Date of Award
Doctor of Education
Higher Education Administration EdD
Lyndon G. Furst
Bernard M. Lall
Cedric C. Ward
Problem. Despite tentative postulations and explorations of the person/job interaction, the specific relationships between personality and occupational behavior are not clearly understood. In particular, the relationships between human temperament and various aspects of personnel administration in an educational setting are generally unknown. The purpose of this study was to profile the temperament traits of professional educators in the Seventh-day Adventist school system, grouped on the basis of occupationally relevant selection variables; and to investigate the role of personality as it relates to personnel appointment, appraisal, and mobility.
Method. A demographic questionnaire and the Temperament Inventory were administered to 486 teachers, teacher/principals, principals, supervisors, and superintendents in nine local conference school systems of the Seventh-day Adventist Church. Phlegmatic, sanguine, choleric, and melancholy traits were profiled for selected subgroups and statistically compared using Cattell's Coefficient of Pattern Similarity. Significant correlations were subjected to graphic comparisons as well.
Results. Significant similarities and/or dissimilarities in personality emerged when profiles were contrasted on the bases of sex, professional position, perceived recruiter, preferred school size, rated competence, advancement status, and records of job stability. No significant results were observed when profiles were compared on the bases of geographic region, years of experience, assigned grade levels, assigned school size, and administrator/employee similarity.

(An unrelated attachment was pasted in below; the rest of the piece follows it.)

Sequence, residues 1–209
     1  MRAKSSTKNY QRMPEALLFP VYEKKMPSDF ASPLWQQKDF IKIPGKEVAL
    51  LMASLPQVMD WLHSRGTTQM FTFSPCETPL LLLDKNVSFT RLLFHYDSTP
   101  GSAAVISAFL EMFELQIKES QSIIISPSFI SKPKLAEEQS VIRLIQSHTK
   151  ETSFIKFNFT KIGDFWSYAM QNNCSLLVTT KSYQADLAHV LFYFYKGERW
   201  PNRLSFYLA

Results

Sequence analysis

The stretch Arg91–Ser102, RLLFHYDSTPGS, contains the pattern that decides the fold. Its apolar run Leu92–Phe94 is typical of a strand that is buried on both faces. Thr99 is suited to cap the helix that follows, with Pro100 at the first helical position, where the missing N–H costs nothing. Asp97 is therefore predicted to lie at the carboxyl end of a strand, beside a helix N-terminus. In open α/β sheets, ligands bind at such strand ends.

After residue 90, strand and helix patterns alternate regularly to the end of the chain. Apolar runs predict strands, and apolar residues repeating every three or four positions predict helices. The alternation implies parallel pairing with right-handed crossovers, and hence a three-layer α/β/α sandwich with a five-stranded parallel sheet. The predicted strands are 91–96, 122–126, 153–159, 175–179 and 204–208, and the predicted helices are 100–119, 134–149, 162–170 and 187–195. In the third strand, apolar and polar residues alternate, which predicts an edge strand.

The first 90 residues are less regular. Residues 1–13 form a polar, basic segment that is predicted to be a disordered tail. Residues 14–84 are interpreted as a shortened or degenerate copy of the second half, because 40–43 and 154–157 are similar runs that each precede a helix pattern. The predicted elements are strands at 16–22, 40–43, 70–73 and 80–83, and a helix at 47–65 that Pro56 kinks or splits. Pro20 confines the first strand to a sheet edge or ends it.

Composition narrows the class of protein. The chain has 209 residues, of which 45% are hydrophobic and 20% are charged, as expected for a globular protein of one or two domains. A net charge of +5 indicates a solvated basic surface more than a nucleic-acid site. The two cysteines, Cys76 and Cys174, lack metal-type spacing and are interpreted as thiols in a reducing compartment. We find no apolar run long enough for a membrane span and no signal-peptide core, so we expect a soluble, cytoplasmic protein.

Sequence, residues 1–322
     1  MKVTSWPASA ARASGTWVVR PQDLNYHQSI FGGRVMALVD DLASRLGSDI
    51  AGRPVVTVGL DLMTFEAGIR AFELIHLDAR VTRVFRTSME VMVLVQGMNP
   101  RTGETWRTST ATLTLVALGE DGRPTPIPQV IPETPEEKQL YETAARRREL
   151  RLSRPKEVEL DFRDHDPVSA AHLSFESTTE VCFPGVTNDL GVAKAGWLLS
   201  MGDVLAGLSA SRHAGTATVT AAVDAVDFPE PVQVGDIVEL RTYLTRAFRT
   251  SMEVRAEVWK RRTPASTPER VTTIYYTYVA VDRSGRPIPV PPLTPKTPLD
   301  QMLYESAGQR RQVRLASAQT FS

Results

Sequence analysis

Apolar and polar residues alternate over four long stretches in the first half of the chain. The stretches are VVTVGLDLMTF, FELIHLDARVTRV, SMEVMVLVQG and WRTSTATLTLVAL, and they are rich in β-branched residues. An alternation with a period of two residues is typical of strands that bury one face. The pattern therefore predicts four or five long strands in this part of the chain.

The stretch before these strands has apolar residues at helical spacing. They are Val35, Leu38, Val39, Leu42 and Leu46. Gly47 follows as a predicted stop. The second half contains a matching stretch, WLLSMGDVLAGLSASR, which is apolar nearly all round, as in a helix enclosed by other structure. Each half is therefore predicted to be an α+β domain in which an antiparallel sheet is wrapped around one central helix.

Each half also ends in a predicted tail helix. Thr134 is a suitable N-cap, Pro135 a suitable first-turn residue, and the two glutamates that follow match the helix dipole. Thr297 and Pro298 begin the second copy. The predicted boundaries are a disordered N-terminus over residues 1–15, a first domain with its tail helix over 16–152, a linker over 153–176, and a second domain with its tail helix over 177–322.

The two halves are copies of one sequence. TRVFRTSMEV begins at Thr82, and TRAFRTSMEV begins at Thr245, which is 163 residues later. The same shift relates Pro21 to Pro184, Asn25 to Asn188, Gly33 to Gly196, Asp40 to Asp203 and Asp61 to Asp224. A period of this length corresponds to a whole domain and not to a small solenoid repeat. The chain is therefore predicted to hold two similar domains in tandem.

Conclusions. Analyses of the data prompted eighteen conclusions relative to the purpose for which the study was conducted. Each was generalized only to the population described for the study (i.e., K-10 Seventh-day Adventist educators of non-black conferences in North America). (1) Adventist educators collectively exhibit a choleric/phlegmatic personality. (2) Male and female educators collectively differ in personality. (3) The population is geographically and experientially heterogenous. (4) The population is highly mobile. (5) Teaching and non-teaching personnel differ significantly in personality. (6) Personality is significantly correlated with professional position. (7) No meaningful relationship exists between personality and years of experience. (8) No meaningful relationship exists between the personalities of educators and the personalities of the individuals responsible for hiring them. (9) The personalities of educators who strongly perceive that "the Lord" recruited them differ significantly from the personalities of individuals recruited by men. (10) No meaningful relationship exists between the personalities of teachers and the grade levels to which they are assigned. (11) No meaningful relationship exists between the personalities of educators and the size of school to which they are assigned. (12) The personalities of educators expressing a preference for one-teacher schools differ significantly from the personalities of educators preferring larger schools. (13) Demands for personnel in one-teacher schools clearly exceed the supply of teachers preferring such placement. (14) Personality is significantly correlated with levels of perceived competence. (15) No meaningful relationship exists between the personalities of educators judged "most competent" and the personalities of the supervisors passing judgment. (16) The personalities of female educators are significantly correlated with their opportunities for advancement. (17) No meaningful relationship exists between the personalities of educators selected for advancement and the personalities of administrators making the selections. (18) The personalities of highly stable educators differ significantly from the personalities of highly mobile educators.
Greenway, Merle A., "Selected Personality Constructs as Correlates of Personnel Appointment, Appraisal, and Mobility in Seventh-day Adventist Schools" (1981). Dissertations. 407.
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